In the current political climate of education financing, public institutions are often the targets of budget cuts. This erosion of the financial backing occurs alongside an expansion of higher education. This research investigates one component of this political realm. Based on research suggesting that policy-makers’ personal characteristics (e.g. gender, race, religious status) affect policy outcomes, this work investigates the extent to which legislators’ educational backgrounds matter for public higher education spending (Washington 2008). Do states with a larger percentage of legislators with a public higher education degree spend more on public higher education than do other legislatures, all other things equal? To address this gap, we use a robust time-series dataset of the educational backgrounds of state legislators. Currently, there are 7,383 state legislators. In 2005, we compiled the first wave of this database, accessing and coding the educational backgrounds of 6,517 state legislators. For the past two years, we have completed a second wave of data. The near ten-year gap in time will allow for a longitudinal analysis which will investigate more fully whether legislatures composed of a larger portion of legislators who attend state college and universities invest more generously in public higher education, all things equal, compared to legislatures with a smaller proportion of publically educated legislators. Findings from this research impact theories of representation, evaluating the extent to which legislators advocate for spending based on their own demographic profiles.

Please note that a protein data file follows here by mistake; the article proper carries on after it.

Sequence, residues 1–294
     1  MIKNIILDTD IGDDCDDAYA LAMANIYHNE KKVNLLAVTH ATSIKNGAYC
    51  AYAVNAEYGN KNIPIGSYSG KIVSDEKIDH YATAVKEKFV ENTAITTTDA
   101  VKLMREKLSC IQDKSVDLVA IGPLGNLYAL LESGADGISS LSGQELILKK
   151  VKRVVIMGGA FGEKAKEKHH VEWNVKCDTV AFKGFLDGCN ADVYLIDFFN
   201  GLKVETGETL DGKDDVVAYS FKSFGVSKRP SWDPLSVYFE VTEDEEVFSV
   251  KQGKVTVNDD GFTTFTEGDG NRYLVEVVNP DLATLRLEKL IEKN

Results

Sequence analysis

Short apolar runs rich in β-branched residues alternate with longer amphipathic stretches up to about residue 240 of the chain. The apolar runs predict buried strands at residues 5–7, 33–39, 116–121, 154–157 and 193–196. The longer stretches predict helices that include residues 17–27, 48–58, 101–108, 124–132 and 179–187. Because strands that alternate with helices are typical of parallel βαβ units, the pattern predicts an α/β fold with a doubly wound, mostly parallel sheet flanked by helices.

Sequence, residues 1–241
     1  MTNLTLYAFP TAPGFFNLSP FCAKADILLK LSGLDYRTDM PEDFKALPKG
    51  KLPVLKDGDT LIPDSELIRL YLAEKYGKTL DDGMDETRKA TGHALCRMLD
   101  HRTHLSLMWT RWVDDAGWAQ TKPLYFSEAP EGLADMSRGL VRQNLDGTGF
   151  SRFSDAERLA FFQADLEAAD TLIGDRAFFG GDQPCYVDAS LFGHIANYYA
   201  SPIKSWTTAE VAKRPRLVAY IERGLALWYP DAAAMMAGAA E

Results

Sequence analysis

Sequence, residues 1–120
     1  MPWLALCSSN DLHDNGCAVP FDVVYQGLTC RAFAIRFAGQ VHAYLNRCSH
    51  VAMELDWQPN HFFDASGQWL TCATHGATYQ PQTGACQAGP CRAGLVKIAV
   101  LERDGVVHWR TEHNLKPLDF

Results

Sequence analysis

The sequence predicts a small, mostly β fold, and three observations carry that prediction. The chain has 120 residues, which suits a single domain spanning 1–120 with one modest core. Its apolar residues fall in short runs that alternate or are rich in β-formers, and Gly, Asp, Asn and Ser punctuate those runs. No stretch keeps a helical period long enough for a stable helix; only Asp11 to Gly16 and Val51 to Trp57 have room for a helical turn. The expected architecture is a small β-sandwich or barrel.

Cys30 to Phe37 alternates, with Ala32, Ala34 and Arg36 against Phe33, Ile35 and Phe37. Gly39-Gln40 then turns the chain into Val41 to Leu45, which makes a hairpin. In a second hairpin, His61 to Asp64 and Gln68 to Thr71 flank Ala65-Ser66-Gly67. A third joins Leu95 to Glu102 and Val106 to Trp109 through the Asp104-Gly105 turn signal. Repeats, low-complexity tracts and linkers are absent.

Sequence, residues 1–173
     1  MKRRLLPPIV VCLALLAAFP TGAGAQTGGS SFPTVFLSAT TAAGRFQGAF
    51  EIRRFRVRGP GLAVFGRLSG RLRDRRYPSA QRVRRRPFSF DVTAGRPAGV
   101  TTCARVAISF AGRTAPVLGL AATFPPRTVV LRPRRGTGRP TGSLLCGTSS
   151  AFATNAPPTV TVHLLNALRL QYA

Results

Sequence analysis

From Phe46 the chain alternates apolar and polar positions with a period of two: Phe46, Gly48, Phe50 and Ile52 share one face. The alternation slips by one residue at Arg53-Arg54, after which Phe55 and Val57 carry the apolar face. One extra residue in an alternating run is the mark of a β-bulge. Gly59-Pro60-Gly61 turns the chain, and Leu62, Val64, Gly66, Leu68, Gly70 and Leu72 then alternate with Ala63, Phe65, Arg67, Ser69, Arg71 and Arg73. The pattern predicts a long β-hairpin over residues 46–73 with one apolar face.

Megan Thiele, Kristen Shorette, and Catherine Bolzendahl. "Exploring the Links Between Legislator’s Education and State Spending" American Sociological Association, 111th Annual Meeting (2016).